A do-almost-nothing budget was promised, and Finance Minister Jim Flaherty more than delivered. Much of the document, and much of Mr. Flaherty's speech, was devoted to retelling familiar history: Canada's record of postrecession economic recovery, which has been the least anemic among major industrialized countries. There was also the promise of the future: This budget is setting up Canada, and the Conservative government, for some big moves a year from now, in 2015. Barring economic catastrophe the deficit will be eliminated, and this government will find itself heading into an election with deep pockets, a burgeoning surplus and lots of options.
But as for the present? In the context of $280-billion a year in federal spending, almost everything announced on Tuesday was small enough to be a rounding error. There is nothing big, little surprising and not much new.
If you're a smoker, this budget will hurt, hitting you with higher cigarette taxes. If you're an apprentice in the trades, it will help, with interest-free student loans. There's modest new spending on training for people with disabilities. There's money for the on-reserve native education system. There are also small reductions in defence spending over four years, though Mr. Flaherty insisted this was simply a shifting of spending to later years, acknowledging problems with defence procurement.
The biggest measure in the largely autopilot budget? If you're a retired federal public servant, you're about to get pinched. Ottawa currently picks up 75 per cent of the tab for the health-care premiums of retired civil servants; the budget reduces Ottawa's share to 50 per cent. That will cost each retiree several hundred dollars a year, and save Ottawa $7.4-billion over six years. Pensioned-off government employees will scream. For almost everyone else, this budget is a snore.
And then there's the coming year's projected deficit. It isn't even a rounding error. It's pretty much of an accounting fiction. The government puts a cushion of prudence worth $3-billion into every budget. The money isn't allocated to anything; it's just a notional placeholder. Next year's projected deficit is $2.9-billion. Take away the $3-billion safety blanket, and the deficit disappears.
Many economists had predicted that Jim Flaherty would be able to balance the budget a year ahead of his own target date of 2015. That's looking extremely likely, despite an economy that remains weak and barely grew in 2013. Again: nothing new, no surprises.
As per the pattern of this government, there's also lots of pandering to constituencies large and small. A promise to force telcos to lower cellphone roaming rates? It's in the budget. Reminding us of last year's pledge to prohibit banks, cable and phone companies from charging you for a paper bill? Check. Promising "legislation to address the price gap between identical goods sold in Canada and the United States"? It's there, too. Who knows what it means or how it will work, but Mr. Flaherty put it on his laundry list of consumer-friendly vagaries. Once upon a time, these were not the sorts of things governments put into budgets. And once upon a time, these were the sorts of market interferences that Conservatives and conservatives opposed.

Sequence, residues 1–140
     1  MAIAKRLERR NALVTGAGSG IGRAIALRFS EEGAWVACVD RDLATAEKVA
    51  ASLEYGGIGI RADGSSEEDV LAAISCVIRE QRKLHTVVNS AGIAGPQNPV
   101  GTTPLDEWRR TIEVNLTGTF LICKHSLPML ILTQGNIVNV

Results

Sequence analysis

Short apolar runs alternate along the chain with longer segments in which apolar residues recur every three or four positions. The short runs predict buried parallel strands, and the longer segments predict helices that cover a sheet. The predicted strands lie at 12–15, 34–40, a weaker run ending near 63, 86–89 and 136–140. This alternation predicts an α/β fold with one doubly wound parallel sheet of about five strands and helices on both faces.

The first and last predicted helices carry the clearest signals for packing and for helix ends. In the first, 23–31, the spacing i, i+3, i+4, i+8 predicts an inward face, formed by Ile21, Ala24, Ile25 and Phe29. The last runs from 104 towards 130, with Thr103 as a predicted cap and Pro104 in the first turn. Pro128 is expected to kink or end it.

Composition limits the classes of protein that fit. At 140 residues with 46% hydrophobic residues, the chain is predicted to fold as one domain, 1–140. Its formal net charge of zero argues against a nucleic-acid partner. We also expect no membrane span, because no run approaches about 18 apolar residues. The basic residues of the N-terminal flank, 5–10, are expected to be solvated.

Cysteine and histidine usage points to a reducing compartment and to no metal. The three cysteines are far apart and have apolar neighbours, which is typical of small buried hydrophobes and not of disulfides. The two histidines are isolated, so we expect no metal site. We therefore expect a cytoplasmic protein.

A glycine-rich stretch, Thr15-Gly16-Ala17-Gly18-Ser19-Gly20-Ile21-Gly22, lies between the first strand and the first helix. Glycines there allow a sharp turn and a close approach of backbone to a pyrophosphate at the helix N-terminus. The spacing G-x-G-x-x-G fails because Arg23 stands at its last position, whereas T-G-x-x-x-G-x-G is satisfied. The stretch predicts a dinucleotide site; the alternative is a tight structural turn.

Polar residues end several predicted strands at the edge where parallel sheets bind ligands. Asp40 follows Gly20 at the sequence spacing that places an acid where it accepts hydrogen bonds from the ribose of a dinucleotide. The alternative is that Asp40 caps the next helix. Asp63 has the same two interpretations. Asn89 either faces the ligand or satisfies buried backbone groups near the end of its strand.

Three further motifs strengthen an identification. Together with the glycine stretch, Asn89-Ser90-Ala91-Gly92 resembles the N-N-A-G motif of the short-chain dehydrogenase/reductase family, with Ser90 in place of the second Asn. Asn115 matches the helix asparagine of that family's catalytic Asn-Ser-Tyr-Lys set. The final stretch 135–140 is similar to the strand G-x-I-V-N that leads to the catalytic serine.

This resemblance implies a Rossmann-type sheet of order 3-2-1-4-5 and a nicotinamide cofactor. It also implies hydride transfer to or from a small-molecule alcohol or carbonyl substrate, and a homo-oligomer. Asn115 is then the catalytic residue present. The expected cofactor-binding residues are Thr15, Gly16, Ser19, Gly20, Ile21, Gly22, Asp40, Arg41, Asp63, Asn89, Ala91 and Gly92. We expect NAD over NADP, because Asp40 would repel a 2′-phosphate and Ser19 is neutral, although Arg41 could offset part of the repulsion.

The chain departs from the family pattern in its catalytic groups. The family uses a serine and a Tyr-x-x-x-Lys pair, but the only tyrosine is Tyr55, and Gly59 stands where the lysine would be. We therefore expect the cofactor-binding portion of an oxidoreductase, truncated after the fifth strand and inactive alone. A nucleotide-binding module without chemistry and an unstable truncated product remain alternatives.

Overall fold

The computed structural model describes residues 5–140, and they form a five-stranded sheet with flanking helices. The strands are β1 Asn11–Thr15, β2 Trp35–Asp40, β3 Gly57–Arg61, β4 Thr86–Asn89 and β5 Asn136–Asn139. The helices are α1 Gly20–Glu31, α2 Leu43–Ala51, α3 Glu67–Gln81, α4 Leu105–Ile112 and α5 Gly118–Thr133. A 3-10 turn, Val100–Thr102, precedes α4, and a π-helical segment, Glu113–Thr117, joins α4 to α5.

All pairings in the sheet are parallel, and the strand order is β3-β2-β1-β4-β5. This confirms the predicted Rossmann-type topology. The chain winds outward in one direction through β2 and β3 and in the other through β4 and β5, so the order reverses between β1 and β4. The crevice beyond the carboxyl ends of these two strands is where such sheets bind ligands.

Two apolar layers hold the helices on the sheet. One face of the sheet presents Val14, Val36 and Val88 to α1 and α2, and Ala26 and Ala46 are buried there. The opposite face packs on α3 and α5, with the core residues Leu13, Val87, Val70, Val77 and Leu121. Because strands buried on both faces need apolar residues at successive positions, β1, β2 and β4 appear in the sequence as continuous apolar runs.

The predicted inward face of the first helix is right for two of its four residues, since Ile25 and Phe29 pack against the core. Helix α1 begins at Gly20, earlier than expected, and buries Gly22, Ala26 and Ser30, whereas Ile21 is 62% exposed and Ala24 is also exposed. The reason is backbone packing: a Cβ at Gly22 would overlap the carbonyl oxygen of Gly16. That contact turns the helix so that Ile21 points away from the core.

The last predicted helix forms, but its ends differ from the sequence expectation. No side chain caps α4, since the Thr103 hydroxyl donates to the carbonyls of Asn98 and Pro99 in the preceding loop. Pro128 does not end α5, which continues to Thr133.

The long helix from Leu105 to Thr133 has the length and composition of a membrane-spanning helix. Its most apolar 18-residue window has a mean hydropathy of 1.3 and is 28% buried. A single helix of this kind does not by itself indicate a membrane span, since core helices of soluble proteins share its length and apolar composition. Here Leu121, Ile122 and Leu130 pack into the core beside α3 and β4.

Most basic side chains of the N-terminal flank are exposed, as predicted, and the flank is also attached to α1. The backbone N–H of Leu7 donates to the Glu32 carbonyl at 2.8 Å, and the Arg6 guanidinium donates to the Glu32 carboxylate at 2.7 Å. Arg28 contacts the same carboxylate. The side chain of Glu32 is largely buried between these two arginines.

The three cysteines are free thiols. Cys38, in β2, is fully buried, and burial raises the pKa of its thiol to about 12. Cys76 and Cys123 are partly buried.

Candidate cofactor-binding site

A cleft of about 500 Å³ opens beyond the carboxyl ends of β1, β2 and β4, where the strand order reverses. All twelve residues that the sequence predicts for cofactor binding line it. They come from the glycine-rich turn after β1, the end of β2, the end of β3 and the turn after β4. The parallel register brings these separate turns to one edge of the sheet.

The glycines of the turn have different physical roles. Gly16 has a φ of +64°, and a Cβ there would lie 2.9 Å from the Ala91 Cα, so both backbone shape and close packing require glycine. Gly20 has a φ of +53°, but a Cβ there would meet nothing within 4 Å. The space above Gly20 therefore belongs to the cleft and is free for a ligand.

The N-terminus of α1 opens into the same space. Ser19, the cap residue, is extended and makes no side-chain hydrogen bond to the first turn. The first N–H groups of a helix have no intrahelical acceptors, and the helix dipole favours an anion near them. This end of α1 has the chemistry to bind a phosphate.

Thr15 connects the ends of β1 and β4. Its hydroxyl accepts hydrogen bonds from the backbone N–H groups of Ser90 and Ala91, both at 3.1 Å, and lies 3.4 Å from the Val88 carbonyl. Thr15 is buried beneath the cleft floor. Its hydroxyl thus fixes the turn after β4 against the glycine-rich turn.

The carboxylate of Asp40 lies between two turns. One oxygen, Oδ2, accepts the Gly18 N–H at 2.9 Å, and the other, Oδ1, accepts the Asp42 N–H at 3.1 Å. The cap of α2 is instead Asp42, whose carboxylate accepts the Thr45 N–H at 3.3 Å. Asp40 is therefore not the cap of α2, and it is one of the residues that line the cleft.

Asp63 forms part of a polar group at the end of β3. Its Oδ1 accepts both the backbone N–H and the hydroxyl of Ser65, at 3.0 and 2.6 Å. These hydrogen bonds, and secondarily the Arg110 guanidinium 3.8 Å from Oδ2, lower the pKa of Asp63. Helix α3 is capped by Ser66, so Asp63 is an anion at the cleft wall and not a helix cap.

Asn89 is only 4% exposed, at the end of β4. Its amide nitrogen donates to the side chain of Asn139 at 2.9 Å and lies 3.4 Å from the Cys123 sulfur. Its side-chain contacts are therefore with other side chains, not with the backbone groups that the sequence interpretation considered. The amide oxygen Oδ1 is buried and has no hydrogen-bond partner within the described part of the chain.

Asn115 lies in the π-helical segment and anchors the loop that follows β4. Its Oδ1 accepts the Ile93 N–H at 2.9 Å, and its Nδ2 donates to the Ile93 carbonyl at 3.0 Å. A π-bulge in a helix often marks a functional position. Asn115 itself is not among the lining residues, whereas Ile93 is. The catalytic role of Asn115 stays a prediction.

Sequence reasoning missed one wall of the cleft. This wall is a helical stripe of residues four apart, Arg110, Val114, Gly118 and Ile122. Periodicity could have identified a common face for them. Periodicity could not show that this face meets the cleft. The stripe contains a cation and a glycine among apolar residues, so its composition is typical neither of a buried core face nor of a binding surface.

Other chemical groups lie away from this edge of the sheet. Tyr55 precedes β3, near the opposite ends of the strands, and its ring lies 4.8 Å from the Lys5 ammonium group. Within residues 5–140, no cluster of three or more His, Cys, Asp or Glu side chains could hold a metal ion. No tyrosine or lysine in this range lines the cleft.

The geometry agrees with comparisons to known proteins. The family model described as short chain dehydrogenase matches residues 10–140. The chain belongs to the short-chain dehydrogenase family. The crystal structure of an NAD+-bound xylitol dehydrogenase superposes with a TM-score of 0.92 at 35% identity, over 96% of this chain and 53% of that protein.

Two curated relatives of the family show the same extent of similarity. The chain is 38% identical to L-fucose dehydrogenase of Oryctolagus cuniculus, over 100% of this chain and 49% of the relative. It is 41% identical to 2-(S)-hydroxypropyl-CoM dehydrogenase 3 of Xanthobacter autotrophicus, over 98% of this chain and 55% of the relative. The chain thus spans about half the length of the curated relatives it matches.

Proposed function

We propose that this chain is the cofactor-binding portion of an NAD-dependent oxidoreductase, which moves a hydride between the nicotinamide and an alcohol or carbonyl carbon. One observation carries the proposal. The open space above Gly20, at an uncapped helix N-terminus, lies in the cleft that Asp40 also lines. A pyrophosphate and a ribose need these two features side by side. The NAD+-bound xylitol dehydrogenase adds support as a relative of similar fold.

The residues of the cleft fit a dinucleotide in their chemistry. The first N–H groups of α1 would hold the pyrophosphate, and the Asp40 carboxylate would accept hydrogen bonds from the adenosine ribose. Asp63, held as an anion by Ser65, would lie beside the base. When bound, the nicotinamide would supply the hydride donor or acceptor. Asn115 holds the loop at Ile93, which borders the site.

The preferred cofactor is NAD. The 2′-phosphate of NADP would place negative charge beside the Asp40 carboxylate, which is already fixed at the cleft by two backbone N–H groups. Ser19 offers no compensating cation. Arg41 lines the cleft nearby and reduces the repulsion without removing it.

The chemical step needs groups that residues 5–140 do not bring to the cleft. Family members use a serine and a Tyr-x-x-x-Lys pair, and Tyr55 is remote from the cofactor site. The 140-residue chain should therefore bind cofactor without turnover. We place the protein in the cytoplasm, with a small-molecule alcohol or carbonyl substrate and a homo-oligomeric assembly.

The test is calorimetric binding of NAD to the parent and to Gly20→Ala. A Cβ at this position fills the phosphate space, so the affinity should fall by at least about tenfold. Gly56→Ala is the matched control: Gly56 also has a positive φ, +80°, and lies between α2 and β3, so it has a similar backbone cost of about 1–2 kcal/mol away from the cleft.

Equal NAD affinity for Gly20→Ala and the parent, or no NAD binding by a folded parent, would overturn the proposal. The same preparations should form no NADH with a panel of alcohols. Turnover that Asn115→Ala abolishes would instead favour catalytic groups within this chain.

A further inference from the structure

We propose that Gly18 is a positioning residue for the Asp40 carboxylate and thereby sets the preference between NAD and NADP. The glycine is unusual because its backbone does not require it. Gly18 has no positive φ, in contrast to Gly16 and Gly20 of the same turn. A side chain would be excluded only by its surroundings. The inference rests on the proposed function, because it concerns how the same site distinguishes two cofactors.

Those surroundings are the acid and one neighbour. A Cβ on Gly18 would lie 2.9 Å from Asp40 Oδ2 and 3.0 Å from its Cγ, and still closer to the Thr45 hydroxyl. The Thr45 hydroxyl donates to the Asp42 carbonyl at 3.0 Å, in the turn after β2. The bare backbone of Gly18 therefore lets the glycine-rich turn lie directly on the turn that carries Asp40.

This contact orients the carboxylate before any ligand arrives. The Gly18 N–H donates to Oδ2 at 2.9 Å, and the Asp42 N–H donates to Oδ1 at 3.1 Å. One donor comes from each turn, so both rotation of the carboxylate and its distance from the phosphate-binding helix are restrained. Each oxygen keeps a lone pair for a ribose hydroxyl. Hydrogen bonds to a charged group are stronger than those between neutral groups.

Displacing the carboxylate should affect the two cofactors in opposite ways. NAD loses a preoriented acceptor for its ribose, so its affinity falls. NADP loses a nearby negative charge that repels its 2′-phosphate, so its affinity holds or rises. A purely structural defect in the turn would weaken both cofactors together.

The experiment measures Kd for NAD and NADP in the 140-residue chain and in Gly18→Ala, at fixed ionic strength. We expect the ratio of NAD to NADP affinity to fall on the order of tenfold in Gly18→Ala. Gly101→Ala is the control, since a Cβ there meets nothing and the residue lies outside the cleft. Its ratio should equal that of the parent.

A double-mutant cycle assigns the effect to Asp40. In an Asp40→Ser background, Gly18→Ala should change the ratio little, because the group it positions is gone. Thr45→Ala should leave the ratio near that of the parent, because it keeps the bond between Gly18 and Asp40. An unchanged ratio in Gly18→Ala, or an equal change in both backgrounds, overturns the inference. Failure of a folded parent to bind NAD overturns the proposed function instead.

On the face of it, budget 2014 looks like a bit of an empty case. But there's more to the story. Over the past half-decade, the Conservatives have engineered a steady reduction in the deficit and the size of government. This budget is one more chapter in the slow but substantial transformation of the federal government's scope and role. Ottawa under the Conservatives is getting smaller. Program spending as a percentage of the economy is steadily declining. After spiking in the recession, when the coffers were wisely opened, and the deficit was run up to stimulate the economy, the relative size of government has steadily declined. This year, federal spending is set to return to the prerecession low of 13 per cent of GDP. By 2018, federal spending on everything other than debt service will be 12.4 per cent of the economy – the lowest level in at least 50 years.
This is the small-c conservative philosophy of the Conservative Party in action. It should cheer their base; it will outrage many opponents. It also sets the country up for the next election. It raises real issues for Canadians, and should provoke national debate. Ottawa spends less, but it also does less. Is that a virtue or a problem? Do you want your government to do more – or do you want it to do less, and give you back the difference in the form of lower taxes?
And Ottawa is about to be able to do a lot more – or give back a lot more. Absent any new tax or spending measures, the government expects to record a surplus of $6.4-billion in 2015-16, rising to more than $10-billion by 2018. The government could cut taxes, create new spending programs, bulk up funding for existing programs, or some combination of all of the above. What do Canadians want? The 2015 election will turn on the answer to that question.